Posted on 13 October, 2019
This month’s rainfall figures are as follows – 117 mm (4.74 ins) of rain in September and October has already produced 50.5 mm (2.04 ins) in the first 8 days. This totals 152.5 mm (6.78ins) in the last 15 days – wet by any UK standards. The ground was dry until the 23rd October and has taken this water well but is now approaching field capacity.
Nearly all arable farmers have delayed drilling next year’s cereal crops because of a desire to reduce weed problems and avoid the problems caused by aphids infecting plants with a virus before the winter arrives. The virus can reduce yields by up to 60%. Aphids don’t fly much when temperatures drop below 11C and stop infecting plants when temperatures are under 3C. By delaying the planting the hope is that the emerging cereal plants will be safe from infection by the time they emerge because of early frosts. The trend used to be start planting around 15th September and the target date to finish sowing was 15th October. This is the first year since the removal of a seed dressing that used to protect the plants from the aphid infection. The EU approval was removed from the seed dressing and there is not a substitute that can be used apart from widespread spraying of insecticides that is indiscriminate and will kill beneficials – insects, spiders etc. – hence the later commencement of planting.
Farmers are gardeners and vice versa – weeds are a big problem and allowing them to germinate and then kill them through cultivation or herbicide lessens the competition for the crop or flowers that you want to grow. This is another reason why there is a delay between one crop being harvested and the establishment of the next – just like in a vegetable patch.
If the wet weather continues some crops will not be planted and by November there will certainly be a yield penalty. This will reduce the national grain yield and increase the carbon dioxide (CO2) cost of each tonne produced – the same amount of CO2 will be produced by cultivations, seed production and transport, harvest etc. but if the yield is reduced by 30% that CO2 tonnage will be spread over fewer tonnes hence the increased CO2 cost per tonne.
The aphid situation mentioned above highlights the dilemma faced by rule makers. By protecting one species do they cause a bigger problem elsewhere? The seed dressing that has been banned in the EU was thought to affect bees on flowering crops such as oilseed but was extended to cereals in case there was a linkage but when did you last see a bee showing interest in a wheat plant? – a hazard rather than risk based decision. By reducing the unproven danger to bees in cereal crops (which is an admirable aim) the damage and greater harm to the wider environment has not been considered ie food production, substitute chemicals, CO2 emissions, energy use. This safety first approach whilst considering the single issue needs modifying to a more holistic approach to the whole structure of the countryside and its interdependence.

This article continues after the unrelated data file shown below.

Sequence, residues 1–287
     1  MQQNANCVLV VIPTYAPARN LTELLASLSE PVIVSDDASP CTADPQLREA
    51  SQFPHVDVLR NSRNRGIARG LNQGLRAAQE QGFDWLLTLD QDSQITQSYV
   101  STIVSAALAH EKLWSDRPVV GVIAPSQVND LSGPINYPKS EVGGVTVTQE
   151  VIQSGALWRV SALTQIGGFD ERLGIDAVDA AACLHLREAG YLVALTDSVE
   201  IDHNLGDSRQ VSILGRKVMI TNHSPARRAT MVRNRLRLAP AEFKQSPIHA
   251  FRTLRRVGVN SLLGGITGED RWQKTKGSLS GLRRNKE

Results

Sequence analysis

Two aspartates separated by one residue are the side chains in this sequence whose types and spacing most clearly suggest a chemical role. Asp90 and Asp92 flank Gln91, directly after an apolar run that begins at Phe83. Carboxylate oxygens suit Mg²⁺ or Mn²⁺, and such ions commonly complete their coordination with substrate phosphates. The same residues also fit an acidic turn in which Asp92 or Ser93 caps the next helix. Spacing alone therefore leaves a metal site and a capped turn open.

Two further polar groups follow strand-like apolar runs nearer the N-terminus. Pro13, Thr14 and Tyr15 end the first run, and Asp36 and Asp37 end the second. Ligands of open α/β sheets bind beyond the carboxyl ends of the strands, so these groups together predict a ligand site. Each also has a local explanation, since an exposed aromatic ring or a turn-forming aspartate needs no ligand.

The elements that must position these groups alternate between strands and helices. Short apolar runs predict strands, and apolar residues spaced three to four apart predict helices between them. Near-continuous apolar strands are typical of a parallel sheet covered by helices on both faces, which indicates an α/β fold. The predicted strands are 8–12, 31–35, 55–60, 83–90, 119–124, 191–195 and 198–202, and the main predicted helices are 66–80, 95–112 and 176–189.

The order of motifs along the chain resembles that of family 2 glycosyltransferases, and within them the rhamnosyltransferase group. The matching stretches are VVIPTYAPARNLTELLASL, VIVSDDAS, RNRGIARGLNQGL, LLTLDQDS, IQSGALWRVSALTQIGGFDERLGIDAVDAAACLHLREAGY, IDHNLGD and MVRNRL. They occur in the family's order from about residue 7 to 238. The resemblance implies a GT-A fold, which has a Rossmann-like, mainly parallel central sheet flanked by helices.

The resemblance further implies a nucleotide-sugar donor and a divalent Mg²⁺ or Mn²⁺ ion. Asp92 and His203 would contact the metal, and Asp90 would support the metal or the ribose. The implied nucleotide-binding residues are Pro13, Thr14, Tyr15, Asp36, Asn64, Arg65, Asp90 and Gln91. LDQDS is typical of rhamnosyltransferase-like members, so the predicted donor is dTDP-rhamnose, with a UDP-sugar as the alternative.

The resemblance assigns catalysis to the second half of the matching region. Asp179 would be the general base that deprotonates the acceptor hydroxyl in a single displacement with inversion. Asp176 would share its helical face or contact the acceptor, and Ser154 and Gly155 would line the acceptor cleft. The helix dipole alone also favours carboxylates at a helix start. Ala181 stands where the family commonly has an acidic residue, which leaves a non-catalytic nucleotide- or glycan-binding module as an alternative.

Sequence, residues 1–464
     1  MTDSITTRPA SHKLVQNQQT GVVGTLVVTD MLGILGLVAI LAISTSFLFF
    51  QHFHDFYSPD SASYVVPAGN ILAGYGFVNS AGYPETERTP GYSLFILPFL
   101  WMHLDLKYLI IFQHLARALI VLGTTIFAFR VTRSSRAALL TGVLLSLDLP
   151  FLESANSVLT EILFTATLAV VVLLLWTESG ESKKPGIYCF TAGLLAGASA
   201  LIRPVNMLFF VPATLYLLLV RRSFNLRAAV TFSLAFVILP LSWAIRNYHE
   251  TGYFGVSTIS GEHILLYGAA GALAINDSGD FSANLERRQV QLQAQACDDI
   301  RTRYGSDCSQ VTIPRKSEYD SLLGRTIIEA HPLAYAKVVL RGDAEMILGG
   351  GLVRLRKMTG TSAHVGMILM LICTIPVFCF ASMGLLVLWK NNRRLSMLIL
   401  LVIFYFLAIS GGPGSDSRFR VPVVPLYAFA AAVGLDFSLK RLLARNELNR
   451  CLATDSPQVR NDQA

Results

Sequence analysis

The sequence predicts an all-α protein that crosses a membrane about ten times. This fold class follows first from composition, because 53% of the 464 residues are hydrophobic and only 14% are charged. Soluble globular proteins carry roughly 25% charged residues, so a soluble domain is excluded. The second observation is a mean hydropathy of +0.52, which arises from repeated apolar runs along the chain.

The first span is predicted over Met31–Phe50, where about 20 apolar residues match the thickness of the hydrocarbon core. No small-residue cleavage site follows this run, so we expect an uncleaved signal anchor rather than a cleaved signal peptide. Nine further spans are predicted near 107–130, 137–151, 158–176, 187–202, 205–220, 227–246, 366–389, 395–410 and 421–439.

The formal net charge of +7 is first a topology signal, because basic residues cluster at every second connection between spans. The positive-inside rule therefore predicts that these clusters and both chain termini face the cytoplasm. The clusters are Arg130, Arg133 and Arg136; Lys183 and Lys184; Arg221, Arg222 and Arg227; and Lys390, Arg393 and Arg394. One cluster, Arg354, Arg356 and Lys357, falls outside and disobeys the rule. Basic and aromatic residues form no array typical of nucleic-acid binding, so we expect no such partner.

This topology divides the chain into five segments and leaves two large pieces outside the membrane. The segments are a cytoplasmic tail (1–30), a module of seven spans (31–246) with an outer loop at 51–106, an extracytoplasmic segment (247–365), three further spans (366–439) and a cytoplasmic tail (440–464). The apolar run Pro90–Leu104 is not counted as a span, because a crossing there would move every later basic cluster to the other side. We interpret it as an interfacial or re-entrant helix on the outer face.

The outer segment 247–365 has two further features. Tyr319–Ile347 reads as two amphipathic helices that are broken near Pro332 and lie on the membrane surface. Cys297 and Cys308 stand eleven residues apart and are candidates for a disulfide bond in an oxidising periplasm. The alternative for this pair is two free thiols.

Whatever the outcome of the Brexit situation there is a huge move towards more sustainability in the UK countryside. Examples are the NFU ambition to turn the agricultural industry carbon neutral by 2040 – which is 10 years before the Government aim of turning the whole country carbon neutral in 2050.
Farmers are increasingly allocating areas of their land to non food crops to benefit the whole ecosystem. In 2020 Hall Farm will be about 7% woodland, 6% nature crops for insects and birds plus about 9% grassland with no fertiliser or sprays again for insects, birds, mammals and invertebrates. To afford such diverse habitats the remaining cropped land needs to be profitable – a business cannot invest in such a diverse landscape and survive without profits and we need the tools to produce good safe crops that allow a good return. These diverse habitats and the very important hedgerows provide a comprehensive system of wildlife corridors for the animals that live in our surrounding countryside to feed and move around.
Earlier this year we hosted a successful farm tour for locals to demonstrate and explain about the farm crops and wildlife areas. My intention is to do the same in May 2020 with 2 separate trips so that more can join us – last year the 2 people trailers were full – with a different route and new features to see. More details later but it will be on a first come basis.
In the meantime office work beckons interspersed by scanning the weather forecasts until the weather improves and the soil dries – doing no field work with a barn full of seed is stressful!
[Please note that this message is not posted on behalf of Bentworth Parish Council and does not necessarily reflect the Parish Council’s policy]